Projects for children based on Claude Monet's paintings can be insightful and educational. Monet was famous for his use of color and light, and introducing young people to his methods will provide children with the means to learn about art and types of painting. Exposing children at a young age to learned and talented artists can help kids form an appreciation for art for the rest of their lives.
Assign children over the age of ten to write about Monet's childhood and what qualities he had that prepared him for being a famous artist. Discuss how talent is developed and discovered and should be used by individuals. Ask each child to write a brief essay on what they excel at and how they can develop this skill further as they get older.
Imitating and Re-Creating Monet's Artwork
Choose a Monet painting that is appealing to youngsters and challenge them to copy it. The different perceptions and colors from each child will amaze you. "Bouquet of Sunflowers" or one of "The Japanese Bridge over the Water" paintings would be appropriate choices for children to base their works on. Encourage them to make changes according to what they would like to see on the canvas and compare the different pieces when they are finished.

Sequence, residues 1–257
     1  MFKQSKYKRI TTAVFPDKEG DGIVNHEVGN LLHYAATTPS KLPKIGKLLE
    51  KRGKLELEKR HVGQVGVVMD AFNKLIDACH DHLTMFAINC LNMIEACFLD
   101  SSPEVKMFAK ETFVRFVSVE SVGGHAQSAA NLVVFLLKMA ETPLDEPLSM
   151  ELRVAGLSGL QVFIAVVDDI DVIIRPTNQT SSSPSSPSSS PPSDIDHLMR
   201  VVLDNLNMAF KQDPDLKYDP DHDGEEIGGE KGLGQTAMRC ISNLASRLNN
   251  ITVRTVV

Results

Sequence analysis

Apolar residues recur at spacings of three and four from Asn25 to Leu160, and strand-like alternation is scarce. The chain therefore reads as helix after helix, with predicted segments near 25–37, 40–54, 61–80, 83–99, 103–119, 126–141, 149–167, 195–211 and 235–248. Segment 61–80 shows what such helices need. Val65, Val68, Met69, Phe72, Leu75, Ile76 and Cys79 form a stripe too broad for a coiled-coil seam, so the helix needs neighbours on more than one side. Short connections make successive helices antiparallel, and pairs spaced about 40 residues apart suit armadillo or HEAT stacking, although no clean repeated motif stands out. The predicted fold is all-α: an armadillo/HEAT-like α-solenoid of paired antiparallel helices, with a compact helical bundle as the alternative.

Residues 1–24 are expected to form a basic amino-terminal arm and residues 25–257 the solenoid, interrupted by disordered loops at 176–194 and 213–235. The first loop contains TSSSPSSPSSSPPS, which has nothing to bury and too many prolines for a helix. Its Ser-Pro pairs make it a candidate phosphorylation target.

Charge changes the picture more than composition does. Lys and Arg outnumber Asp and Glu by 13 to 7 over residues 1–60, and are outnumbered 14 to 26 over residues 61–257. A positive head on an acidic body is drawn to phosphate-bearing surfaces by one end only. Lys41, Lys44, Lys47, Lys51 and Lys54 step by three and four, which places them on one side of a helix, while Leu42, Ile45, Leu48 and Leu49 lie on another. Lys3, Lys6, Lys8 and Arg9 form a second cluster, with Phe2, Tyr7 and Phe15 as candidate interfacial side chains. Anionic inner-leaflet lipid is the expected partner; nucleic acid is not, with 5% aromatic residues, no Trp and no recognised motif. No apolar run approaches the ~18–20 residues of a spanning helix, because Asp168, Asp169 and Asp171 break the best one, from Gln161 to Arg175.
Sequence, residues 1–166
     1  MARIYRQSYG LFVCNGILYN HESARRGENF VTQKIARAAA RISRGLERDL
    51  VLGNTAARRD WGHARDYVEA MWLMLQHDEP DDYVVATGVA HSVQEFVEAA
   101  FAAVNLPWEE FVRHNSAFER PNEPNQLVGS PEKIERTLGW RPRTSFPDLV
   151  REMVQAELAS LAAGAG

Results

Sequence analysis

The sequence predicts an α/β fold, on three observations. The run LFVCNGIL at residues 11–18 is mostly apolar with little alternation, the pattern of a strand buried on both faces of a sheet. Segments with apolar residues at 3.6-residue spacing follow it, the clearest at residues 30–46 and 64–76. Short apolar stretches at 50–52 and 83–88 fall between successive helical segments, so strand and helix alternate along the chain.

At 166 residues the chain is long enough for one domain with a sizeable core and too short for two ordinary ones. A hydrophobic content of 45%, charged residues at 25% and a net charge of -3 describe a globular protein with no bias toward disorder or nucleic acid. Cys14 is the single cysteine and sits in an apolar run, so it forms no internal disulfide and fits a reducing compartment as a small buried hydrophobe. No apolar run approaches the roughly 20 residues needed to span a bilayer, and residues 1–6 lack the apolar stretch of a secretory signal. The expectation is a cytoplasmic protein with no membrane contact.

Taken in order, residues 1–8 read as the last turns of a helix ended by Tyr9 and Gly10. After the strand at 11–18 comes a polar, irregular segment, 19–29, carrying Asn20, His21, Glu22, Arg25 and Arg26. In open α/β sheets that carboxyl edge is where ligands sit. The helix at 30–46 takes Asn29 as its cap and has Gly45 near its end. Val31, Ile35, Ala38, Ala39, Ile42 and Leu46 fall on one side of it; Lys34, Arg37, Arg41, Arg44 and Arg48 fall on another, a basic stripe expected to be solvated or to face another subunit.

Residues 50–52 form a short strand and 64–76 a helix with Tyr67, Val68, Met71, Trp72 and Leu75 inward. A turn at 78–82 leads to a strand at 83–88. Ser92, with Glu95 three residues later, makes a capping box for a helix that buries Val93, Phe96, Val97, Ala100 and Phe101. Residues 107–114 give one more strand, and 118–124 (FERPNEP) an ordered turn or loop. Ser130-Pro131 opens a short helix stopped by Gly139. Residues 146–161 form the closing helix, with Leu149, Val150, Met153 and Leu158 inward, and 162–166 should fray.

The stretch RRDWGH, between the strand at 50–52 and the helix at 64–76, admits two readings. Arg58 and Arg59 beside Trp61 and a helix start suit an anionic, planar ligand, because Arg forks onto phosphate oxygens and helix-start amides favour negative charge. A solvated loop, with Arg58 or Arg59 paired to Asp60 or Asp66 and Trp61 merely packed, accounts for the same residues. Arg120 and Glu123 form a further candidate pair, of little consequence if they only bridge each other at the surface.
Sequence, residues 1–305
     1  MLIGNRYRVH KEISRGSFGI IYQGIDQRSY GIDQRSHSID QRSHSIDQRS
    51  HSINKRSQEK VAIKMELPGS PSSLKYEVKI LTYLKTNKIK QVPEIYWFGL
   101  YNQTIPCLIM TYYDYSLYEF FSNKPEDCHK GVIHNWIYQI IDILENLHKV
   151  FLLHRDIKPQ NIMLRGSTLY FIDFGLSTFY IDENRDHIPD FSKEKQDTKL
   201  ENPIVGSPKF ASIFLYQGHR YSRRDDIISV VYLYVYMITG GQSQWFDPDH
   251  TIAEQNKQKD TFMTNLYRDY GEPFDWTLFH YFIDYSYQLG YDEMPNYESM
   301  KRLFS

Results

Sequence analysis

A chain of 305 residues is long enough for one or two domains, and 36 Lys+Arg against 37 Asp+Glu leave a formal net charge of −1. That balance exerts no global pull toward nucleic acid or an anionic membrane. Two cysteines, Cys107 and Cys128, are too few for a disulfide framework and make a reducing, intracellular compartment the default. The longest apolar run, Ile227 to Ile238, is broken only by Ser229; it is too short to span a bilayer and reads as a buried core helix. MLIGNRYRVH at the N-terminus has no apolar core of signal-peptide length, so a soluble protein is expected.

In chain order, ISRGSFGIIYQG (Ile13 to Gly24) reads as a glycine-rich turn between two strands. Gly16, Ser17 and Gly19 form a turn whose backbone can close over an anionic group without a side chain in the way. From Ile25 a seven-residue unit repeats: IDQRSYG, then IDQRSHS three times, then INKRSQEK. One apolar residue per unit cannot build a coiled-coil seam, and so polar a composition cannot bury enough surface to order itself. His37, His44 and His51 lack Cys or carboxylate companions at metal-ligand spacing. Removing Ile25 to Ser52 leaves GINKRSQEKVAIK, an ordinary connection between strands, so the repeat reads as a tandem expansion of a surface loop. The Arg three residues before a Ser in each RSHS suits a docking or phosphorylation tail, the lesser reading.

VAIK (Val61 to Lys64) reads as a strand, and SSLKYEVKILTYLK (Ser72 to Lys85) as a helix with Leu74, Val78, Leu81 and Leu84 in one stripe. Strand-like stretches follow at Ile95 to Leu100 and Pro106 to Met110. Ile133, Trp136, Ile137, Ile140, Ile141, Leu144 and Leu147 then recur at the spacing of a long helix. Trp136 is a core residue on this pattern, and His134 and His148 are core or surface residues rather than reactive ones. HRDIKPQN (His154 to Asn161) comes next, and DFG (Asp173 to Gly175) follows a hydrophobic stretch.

Painting in a Monet Method
Demonstrate how Monet used short brush strokes with unmixed paint to achieve his effects in his art. Have kids stand close to one of his works and observe how it appears to be a blur up close, but comes together as a beautiful work of art from a distance. Have each child make his own original painting using either brushes or sponges using Monet's methods, and hold a mini art show for other students and parents featuring the children's work.
Assign younger children from about six to ten years of age to read "Linnea in Monet's Garden," a fascinating story of a young girl who is entranced with Monet's work. She travels all over with her elderly neighbor Mr. Bloom to see Monet's home and garden and his works in museums. The book contains many Monet paintings and drawings. When the children finish reading the book, have a discussion on what was learned and which Monet painting is their favorite. This would also be an appropriate book to read aloud while children work on their own paintings and other artwork.
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